For further discussion of the relationship between Manzoni’s religious conversion and his writing, see Filippo Puglisi, LArte del Manzoni (Rome: Edizioni Studium, 1986).Google Scholar
  24. 51.
    The rejection of pagan mythology should thus be considered a crucial aspect of PS. For further discussion, see Lucienne Portier, “La conversion d’Alessandro Manzoni et son refus de la mythologie,” Revue des Etudes Italiennes 10 (1964): 92–100.Google Scholar
  25. 52.
    Cited in Giovanni Carsaniga, “The Age of Romanticism (1800–1870),” The Cambridge History of Italian Literature (New York: Cambridge University Press, 1996), 429.Google Scholar
  26. 53.
    For further discussion of Manzoni’s identification with modernity, see Ezio Raimondi, Letteratura e identita nazionale (Milan: Mondadori, 1998).Google Scholar
  27. 54.
    For an interesting discussion of this issue and an overview of Manzoni’s work more generally, see Giulio Bollati, LItaliano: Il carattere nazionale come storia e come invenzione (Turin: Einaucli, 1983), 3–13.Google Scholar
  28. 58.
    Salvatore Nigro, II Primo ottocento: letà napoleonica e il risorgimento (Rome: Laterza, 1978), 39.Google Scholar
  29. 59.
    Tanto piacque al Signor di porre in cima / questa fanciulla ebrea. / 0 prole d’Israello, o nell’estremo / Caduta, o da si lunga ira contrita, / non e Costei che in onor tanto avemo, / Di vostra fede uscita? / Non e Davidde il ceppo suo? Con Lei / Era il pensier dei vostri antiqui vati, / Quando annunziaro i verginal trofei / Sopra l’inferno alzati. / Deh! A Lei volgete finalemente i preghi, / Ch’Ella vi salvi come salva i suoi; / E non sia gente ne tribu che neghi / Lieta cantar con noi: / Salve, o degnata del secondo nome, / O Rosa, o Stella ai periglianti scampo, / Inclita come il sol, terribil come / Oste schierata in campo.” Alessandro Manzoni, Il Nome di Maria, in “Manzoni’s inni sacri and il cinque maggio. A Translation,” Joseph Tusiani, Annali dItalianistica 3 (1985): 36–7. For a complete, annotated Italian version of the poem, see Alessandro Manzoni, Inni Sacri, ed. Franco Gavazzeni (Parma: Ugo Guanda Editore, 1997), 65–86. For a thorough analysis of the poem, albeit with little on the significance of Manzoni’s biblical references, see Silvana Ghezzo, “Il nome di Maria nel Nome di Maria di Alessandro Manzoni,” Otto/Novecento 4(1983): 185–93.Google Scholar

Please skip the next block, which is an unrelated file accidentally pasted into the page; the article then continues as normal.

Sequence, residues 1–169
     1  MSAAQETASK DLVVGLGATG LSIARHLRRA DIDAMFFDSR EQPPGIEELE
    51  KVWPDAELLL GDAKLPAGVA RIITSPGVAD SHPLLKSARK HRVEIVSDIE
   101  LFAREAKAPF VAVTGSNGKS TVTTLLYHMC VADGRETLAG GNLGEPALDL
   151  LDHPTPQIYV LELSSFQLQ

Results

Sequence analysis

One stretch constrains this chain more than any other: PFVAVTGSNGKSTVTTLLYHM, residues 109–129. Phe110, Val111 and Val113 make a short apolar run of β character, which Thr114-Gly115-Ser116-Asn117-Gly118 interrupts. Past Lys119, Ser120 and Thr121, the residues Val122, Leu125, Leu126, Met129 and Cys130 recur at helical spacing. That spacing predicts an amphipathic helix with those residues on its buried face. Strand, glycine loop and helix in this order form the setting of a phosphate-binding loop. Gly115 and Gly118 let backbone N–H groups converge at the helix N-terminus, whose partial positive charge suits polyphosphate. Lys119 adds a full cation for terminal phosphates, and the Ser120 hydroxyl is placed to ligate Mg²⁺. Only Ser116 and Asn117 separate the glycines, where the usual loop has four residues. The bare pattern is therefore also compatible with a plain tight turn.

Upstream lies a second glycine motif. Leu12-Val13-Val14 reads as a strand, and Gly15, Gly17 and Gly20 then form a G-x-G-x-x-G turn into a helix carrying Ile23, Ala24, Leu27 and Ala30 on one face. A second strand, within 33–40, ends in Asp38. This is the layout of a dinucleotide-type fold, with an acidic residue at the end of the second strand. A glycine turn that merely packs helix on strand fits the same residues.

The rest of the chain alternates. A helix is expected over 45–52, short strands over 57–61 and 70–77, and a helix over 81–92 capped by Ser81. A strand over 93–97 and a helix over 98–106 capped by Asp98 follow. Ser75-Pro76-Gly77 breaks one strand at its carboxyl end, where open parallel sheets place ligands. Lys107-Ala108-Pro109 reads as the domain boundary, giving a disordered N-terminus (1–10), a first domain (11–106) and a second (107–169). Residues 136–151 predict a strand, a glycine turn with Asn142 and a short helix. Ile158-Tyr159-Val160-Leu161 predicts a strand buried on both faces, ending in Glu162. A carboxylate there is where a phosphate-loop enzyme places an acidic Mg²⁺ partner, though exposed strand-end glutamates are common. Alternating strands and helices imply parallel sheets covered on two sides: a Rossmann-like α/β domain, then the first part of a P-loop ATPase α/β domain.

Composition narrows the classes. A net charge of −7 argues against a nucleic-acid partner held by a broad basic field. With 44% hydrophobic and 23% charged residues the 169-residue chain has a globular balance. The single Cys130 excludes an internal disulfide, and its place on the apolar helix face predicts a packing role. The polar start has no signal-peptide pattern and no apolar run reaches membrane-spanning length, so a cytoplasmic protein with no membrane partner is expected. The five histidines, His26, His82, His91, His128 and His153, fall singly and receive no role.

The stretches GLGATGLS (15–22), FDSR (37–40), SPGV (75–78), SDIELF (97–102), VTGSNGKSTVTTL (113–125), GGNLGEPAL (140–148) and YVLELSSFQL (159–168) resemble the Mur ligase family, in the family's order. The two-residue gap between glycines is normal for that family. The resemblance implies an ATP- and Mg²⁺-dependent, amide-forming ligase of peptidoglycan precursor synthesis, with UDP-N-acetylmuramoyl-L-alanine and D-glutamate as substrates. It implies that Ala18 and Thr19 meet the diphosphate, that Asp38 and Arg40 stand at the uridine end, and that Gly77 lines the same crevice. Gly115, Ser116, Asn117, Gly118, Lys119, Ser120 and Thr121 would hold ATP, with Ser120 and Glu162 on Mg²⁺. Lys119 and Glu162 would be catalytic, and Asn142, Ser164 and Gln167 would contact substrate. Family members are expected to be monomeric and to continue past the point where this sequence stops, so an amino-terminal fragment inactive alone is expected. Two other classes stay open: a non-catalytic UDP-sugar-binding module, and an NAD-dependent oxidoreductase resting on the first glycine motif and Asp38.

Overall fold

30. 60.
    Antonio Prieto, “La logica della sua conversione,” Manzoni Pro e Contro, vol. 3, ed. Giancarlo Vigorelli (Milan: Istituto di propaganda libraria, 1975–1976), 261.Google Scholar
  31. 61.
    Robert Dombroski, “The ideological question in Manzoni,” Studies in Romanticism 20, no. 4 (Winter 1981): 499. It should be noted that Manzoni’s firm support of Christian values and the Catholic Church did not necessarily translate into absolute support of the pope; while it falls outside of the boundaries of our discussion here, it is noteworthy that Rome and the pope go almost unmentioned in Manzoni’s novel, as opposed to the next work in this study, Bresciani’s LEbreo di Verona. Opposed to papal temporal power, Manzoni believed that the sovereignty and moral authority of the pope would be guaranteed and better protected if the pope did not have any political power.Google Scholar
  32. 64.